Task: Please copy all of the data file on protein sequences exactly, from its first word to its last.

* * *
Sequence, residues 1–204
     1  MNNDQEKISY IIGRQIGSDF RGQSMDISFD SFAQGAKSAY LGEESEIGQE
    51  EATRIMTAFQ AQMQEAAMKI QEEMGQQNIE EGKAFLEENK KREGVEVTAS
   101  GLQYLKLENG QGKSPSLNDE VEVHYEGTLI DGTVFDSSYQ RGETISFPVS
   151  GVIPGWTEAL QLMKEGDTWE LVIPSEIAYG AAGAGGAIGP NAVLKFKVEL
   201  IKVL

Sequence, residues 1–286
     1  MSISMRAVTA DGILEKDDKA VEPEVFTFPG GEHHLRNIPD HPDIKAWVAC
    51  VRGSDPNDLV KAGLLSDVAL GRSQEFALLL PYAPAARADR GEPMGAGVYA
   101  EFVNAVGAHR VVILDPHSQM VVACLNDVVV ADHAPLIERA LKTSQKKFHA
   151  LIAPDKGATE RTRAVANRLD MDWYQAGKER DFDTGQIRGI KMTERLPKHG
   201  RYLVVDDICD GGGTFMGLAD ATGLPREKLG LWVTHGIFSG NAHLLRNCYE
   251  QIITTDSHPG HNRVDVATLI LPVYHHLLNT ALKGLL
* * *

Sequence, residues 1–204
     1  MNNDQEKISY IIGRQIGSDF RGQSMDISFD SFAQGAKSAY LGEESEIGQE
    51  EATRIMTAFQ AQMQEAAMKI QEEMGQQNIE EGKAFLEENK KREGVEVTAS
   101  GLQYLKLENG QGKSPSLNDE VEVHYEGTLI DGTVFDSSYQ RGETISFPVS
   151  GVIPGWTEAL QLMKEGDTWE LVIPSEIAYG AAGAGGAIGP NAVLKFKVEL
   201  IKVL

Sequence, residues 1–286
     1  MSISMRAVTA DGILEKDDKA VEPEVFTFPG GEHHLRNIPD HPDIKAWVAC
    51  VRGSDPNDLV KAGLLSDVAL GRSQEFALLL PYAPAARADR GEPMGAGVYA
   101  EFVNAVGAHR VVILDPHSQM VVACLNDVVV ADHAPLIERA LKTSQKKFHA
   151  LIAPDKGATE RTRAVANRLD MDWYQAGKER DFDTGQIRGI KMTERLPKHG
   201  RYLVVDDICD GGGTFMGLAD ATGLPREKLG LWVTHGIFSG NAHLLRNCYE
   251  QIITTDSHPG HNRVDVATLI LPVYHHLLNT ALKGLL